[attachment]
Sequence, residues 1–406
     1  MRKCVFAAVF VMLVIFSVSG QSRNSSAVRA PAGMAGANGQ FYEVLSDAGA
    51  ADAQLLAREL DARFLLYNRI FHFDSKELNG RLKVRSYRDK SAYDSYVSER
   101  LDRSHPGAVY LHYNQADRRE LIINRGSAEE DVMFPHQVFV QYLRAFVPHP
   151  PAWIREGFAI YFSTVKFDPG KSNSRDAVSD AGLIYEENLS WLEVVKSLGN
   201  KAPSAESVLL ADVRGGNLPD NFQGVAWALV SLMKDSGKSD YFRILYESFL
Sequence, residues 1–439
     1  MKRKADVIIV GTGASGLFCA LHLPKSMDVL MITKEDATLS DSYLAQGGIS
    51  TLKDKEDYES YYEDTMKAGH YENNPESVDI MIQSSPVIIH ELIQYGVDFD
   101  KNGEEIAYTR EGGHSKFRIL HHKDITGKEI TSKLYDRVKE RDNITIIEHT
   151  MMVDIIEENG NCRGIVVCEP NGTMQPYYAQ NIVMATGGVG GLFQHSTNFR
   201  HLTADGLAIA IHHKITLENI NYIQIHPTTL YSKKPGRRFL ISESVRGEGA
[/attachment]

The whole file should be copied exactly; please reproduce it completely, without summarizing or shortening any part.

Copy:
Sequence, residues 1–406
     1  MRKCVFAAVF VMLVIFSVSG QSRNSSAVRA PAGMAGANGQ FYEVLSDAGA
    51  ADAQLLAREL DARFLLYNRI FHFDSKELNG RLKVRSYRDK SAYDSYVSER
   101  LDRSHPGAVY LHYNQADRRE LIINRGSAEE DVMFPHQVFV QYLRAFVPHP
   151  PAWIREGFAI YFSTVKFDPG KSNSRDAVSD AGLIYEENLS WLEVVKSLGN
   201  KAPSAESVLL ADVRGGNLPD NFQGVAWALV SLMKDSGKSD YFRILYESFL
Sequence, residues 1–439
     1  MKRKADVIIV GTGASGLFCA LHLPKSMDVL MITKEDATLS DSYLAQGGIS
    51  TLKDKEDYES YYEDTMKAGH YENNPESVDI MIQSSPVIIH ELIQYGVDFD
   101  KNGEEIAYTR EGGHSKFRIL HHKDITGKEI TSKLYDRVKE RDNITIIEHT
   151  MMVDIIEENG NCRGIVVCEP NGTMQPYYAQ NIVMATGGVG GLFQHSTNFR
   201  HLTADGLAIA IHHKITLENI NYIQIHPTTL YSKKPGRRFL ISESVRGEGA